Sen. Richard Lugar says that the question is "whether Iraqis want to be Iraqis," as opposed to sectarian blocs. "We're on the cusp of figuring that out." Refuses to back the statement that things are going "very, very well." Boils it down: "The heart of the matter, for most Americans, is people being killed." Wobbly on troop withdrawal, there won't be any "in the next few weeks." Bold. Lugar's prediction about how Iraq will play out for Republicans is that it depends on how Iraq plays out for Iraq. Schieffer: "That sounds like my golf game: If I can hit that next shot just right, then suddenly I'm a good player." Defends the Indian nuclear agreement. It's "wise" to have the 45 day examination of the port deal. Port security is what "Americans are really interested in."
Schieffer's final word is on the Katrina tapes. It revealed the bureaucratic boondoggle. But "Didn't we know that already?" We need to "stop the tape and go live."
What a tease: "Edwards and Kemp, together. Only on Meet the Press." Is Joel Osteen still on? First up, however: Gen. Peter Pace, Joint Chiefs head, making half the rounds, insisting that things are going hunky dory, though "I wouldn't put a great big smiley face on it." No fucking shit. Though I think that's part of the paid propaganda initiative. Speaking of, Pace says that Americans think that things are going badly because "I don't think we're getting the goodness out to the American people." Doesn't think that militias are "a major, long term problem." On Noam Chomsky being the favorite author of a Iraqi Prime Minister front runner: "I would be concerned if the only access to foreign ideas he had was that one author." If one only read Chomsky, the concern might be staying awake.
Lack of WMDs: Says Pace, Well, they're still better off today. Uh-huh. Russert: "We were told the insurgency was in it's last throes... that just isn't correct, is it?" Pace says that this is about "sustaining family structures." [?] When did James Dobson start advising the Pentagon? Though I would actually prefer a culture war in Iraq to what's happening now. Can we ship over some copies of "Brokeback"?
To the criticisms of William F. Buckley, Pace says Buckely should visit Iraq and see the progress for himself. Tim: "Do you really think it would be safe for William F. Buckley to walk the streets of Baghdad?" Chuckle. Pace: "Well, maybe not every street." Pace also pooh-poohs Americans' concern, says they aren't seeing the whole picture: "What they see is the same bomb going off every fifteen minutes on television." Much as they saw the same vase stolen.
Is Afghanistan the forgotten war? Pace says it was forgotten by the terrorists for awhile. Tillman criminal investigation: Claims that investigations have been complete and though there was no indication of criminal activity, now they will go back and see if there was any criminal activity. Mindfuck.
Sens. John Edwards and Jack Kemp, TOGETHER. Man, it's like Clapton and Page. Or, uhm, Keillor and Glass. Though that would be more exciting. Zzzzzzzz. Tim calls them "former wanna-be vice presidents." Ow!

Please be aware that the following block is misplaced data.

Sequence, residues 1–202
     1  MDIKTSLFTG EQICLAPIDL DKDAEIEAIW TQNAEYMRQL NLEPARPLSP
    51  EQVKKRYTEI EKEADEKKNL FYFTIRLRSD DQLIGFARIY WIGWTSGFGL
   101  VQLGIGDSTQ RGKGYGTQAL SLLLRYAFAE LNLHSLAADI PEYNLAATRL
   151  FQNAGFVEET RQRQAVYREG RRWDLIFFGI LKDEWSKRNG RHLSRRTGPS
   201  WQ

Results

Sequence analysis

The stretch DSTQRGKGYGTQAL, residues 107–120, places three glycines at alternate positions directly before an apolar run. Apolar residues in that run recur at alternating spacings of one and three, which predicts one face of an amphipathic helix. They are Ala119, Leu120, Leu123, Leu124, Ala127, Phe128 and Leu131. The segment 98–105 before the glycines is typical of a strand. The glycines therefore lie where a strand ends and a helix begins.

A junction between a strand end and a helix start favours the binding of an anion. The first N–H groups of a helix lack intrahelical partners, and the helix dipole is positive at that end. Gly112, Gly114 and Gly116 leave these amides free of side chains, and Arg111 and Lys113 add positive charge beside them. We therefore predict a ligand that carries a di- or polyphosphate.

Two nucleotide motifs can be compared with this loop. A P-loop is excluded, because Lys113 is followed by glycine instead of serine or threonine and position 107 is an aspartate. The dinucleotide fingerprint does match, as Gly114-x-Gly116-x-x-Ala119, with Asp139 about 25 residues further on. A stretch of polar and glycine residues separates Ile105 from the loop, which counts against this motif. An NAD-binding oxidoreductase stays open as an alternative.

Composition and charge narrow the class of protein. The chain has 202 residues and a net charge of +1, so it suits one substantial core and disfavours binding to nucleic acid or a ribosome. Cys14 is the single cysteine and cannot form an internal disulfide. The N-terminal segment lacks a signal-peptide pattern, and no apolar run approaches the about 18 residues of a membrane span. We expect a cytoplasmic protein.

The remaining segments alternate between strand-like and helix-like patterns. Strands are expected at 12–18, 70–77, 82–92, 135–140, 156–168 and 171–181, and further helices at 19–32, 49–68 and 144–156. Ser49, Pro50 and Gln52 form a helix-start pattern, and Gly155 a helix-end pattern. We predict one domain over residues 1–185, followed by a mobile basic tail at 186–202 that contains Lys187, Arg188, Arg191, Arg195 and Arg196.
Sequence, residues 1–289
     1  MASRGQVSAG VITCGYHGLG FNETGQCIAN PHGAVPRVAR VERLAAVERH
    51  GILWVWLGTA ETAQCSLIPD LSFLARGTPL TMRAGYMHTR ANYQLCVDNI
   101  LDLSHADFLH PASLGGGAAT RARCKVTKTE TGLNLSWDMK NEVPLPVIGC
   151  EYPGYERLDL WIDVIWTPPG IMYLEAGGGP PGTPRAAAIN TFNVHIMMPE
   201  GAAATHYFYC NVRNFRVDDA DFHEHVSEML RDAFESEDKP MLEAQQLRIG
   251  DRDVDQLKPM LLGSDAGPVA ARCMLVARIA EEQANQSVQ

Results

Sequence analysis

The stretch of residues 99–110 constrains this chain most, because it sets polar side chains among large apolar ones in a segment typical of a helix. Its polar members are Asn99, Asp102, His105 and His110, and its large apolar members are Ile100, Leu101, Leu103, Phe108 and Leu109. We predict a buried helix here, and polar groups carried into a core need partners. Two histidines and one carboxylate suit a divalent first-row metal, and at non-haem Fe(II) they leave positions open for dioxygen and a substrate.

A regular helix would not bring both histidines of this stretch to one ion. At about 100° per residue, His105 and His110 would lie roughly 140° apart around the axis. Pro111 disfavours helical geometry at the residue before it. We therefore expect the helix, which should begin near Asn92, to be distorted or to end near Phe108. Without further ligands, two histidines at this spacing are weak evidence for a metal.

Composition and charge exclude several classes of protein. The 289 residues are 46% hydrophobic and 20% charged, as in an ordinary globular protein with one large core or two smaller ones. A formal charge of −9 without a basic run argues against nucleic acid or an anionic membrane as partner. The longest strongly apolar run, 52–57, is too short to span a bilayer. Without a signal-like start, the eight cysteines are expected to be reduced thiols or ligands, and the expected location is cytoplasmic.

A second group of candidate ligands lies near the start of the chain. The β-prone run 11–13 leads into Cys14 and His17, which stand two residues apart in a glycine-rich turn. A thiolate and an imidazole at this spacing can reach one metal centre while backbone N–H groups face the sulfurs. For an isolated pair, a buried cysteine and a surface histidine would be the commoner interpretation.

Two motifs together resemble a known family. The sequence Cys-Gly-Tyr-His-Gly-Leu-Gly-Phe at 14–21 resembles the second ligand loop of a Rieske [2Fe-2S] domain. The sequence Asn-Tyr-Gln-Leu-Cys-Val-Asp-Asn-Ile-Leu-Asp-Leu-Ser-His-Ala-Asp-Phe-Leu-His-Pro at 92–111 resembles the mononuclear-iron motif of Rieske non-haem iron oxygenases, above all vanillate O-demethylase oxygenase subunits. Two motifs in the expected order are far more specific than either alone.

Kemp looks like someone put a white rabbit on his head. A plush Liberace 'do. Oh, he's talking about Iraq allow me to pretend to pay attention: lots of misjudgements, little opportunity for reward. Thinks we need to set a deadline. To Edwards on his Iraq mea culpa: "Why were you so wrong?" Edwards: "Well, I wasn't the only one who was wrong." Way to take responsibility. How did he come to change his mind after spending 2004 defending his vote? "When the election was over, and I had time to think about it and reflect on it." Wouldn't the time for reflection be before you became Vice President, not after you lost?
And we turn to the ports. Kemp has defended the deal. Of course, he's a lobbyist now. (Right?) Says that 80 percent of ports operated by foreign companies are companies with ties to governments, including communist governments. This does not make me feel better. Edwards says of course we shouldn't discriminate against certain foreign countries, we should discriminate against all of them! Foreign companies shouldn't be allowed to run ports in general. Talks about practical container security.
Tim points out that Edwards has been to UAE and voted in favor of providing them with fighter jets. Edwards is all like, "I totally heart the UAE!" Repeats how it's not about Arab companies but foreign companies. Kemp: Bullshit. Okay, really, "that doesn't agree with facts on the ground."
The two of them have been working on poverty issues. Kemp says Katrina gave Bush admin an "image problem," and that it uncovered "a level of poverty that's unacceptable... and a level of racism." Says "we need a massive, dramatic effort" to recover the Gulf. Edwards calls poverty "the great moral issue of our time." Katrina "gives us an opportunity to do something." Notably, both of them have avoided blaming a particular party and have focused on policy. Edwards talks about simply figuring out how to help the poor "acquire assets" (a home, a car, an education).
Now discussing their brief on US-Russian relations... when did Edwards become a Russian expert? Russia's anti-Democratic moves are cancelled out by their role in "all the important issues of the day," says Kemp. "It is a pragmatic relationship." Kemp says we should use G8 membership as a threat. Edwards says we need to "look at this thing from an altitude," and consider how "the great nations of the world" can solve the world's problems. And "it's better to have Russia on the inside," and one of the things we need them for is Iran. Specifically, we need them to stop helping Iran.
Oh awesome: Bush's x-ray vision quote on Putin, seeing his soul and whatnot. Kemp: "I don't think the President would say that today."
Tim points out that Edwards sure has been going to Iowa and New Hampshire a lot. Edwards: "I can't imagine where this is going."
Chris Matthews show: Why do all women on Chris Matthews' show tend to look like men in drag? Not that they're not pretty, they just look like pretty men in drag. Matthews' clarifies his demographics: "This is an American show. We're talking to Americans -- and some visitors to our country." Also he asked David Brooks to imagine "you have a big automatic weapon." Much discussion of military strategy because of course Katy Kay is an expert in such matters. "Crash" v. "Brokeback" for Oscars; Chris totally loved "Crash." Things that Chris didn't know: Katy Kay says businesses regretting investing in Iraq; Joe Klein says moderate Dems moving to the left on globalization; Andrea Mitchell says U.S. will have to put in peacekeepers in Sudan; David Brooks was taken to a French restaurant by Mitt Romney.